The first cadre of Royal Australian Navy officers to go through the U.S. Navy’s nuclear power pipeline hit another milestone last week when they graduated from the Navy’s Nuclear Power Training Unit, or NPTU.
The Jan. 12 graduation is the latest step in Australia’s plans to eventually operate its own conventionally armed, nuclear-powered attack submarine fleet under the auspices of the trilateral AUKUS agreement, which involves the United States, Australia and the United Kingdom.
Australian navy officers Lt. Cmdr. James Heydon, Lt. Cmdr. Adam Klyne and Lt. William Hall began the training unit education after graduating from the Navy’s Nuclear Power School in July.
“I was really looking forward to putting the concepts and theories that we learned at power school into operation at the prototype training,” Klyne said in a Navy release. “Operating a nuclear reactor was thrilling, humbling, and allowed us get that hands-on experience we need to safely operate the Royal Australian Navy’s future SSNs.”
NPTU trains sailors and civilians on how to operate and maintain the nuclear fleet.
Heydon, Klyne and Hall are now headed to the Navy’s submarine officer basic course in Groton, Connecticut, where they will receive the same undersea training as their American brethren, according to the sea service.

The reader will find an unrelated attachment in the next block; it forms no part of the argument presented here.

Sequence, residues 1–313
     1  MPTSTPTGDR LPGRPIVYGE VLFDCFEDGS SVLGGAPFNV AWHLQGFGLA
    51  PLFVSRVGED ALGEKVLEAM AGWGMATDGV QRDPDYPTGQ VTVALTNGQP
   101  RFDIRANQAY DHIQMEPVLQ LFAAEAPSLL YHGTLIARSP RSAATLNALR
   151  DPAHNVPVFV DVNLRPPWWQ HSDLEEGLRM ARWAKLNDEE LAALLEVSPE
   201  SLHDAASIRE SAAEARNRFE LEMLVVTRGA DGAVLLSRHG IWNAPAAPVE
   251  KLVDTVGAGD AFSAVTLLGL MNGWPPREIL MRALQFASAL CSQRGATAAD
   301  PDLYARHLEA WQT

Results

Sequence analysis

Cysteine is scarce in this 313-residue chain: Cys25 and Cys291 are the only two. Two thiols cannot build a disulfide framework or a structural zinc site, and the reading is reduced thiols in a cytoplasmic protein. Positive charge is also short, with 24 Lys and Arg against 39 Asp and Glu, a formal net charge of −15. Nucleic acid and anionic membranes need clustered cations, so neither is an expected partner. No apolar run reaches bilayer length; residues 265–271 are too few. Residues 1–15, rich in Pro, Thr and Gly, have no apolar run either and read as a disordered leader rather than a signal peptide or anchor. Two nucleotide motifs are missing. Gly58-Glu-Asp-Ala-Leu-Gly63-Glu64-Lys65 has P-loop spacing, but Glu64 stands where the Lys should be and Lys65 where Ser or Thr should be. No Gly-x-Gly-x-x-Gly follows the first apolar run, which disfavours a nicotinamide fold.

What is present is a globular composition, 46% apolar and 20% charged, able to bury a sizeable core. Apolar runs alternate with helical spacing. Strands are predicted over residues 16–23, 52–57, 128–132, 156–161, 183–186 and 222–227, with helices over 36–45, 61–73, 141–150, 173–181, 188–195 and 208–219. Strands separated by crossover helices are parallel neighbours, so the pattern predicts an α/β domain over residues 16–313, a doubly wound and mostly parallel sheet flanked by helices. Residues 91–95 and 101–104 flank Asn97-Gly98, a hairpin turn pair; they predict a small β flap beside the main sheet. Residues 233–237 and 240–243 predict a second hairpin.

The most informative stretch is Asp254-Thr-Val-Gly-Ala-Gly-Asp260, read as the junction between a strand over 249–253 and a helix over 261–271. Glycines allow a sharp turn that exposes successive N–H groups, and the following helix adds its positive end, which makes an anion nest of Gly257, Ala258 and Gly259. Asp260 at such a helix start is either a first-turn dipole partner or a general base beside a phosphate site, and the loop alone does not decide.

After that, they will report to a Virginia-class sub to continue qualifications and training.
Announced in 2021, the AUKUS agreement seeks to build a nuclear-capable American ally in the West Pacific theater.
Already, U.S. submarine visits to the HMAS Stirling base in western Australia have been increasing, and officials have said they eventually hope to stand up a sub maintenance base there.
The countries plan to have American and British boats begin extended rotations through Australia as soon as 2027, building out the Australians’ knowledge on how to fix and maintain subs.
“With congressional approval, the United States intends to sell three Virginia Class SSNs to Australia starting in the early 2030s with the potential to sell up to two additional hulls if needed,” the Navy said in its release. “These efforts will maintain Australia’s submarine capabilities as it builds its fleet of SSN-AUKUS, a UK designed nuclear-powered attack submarine that will incorporate technologies from the three partner nations and built in both the UK and Australia.”
Under the plan, Australia would be sporting its first Australian-built nuclear submarine by the early 2040s.
Geoff is the editor of Navy Times, but he still loves writing stories. He covered Iraq and Afghanistan extensively and was a reporter at the Chicago Tribune. He welcomes any and all kinds of tips at [email protected].
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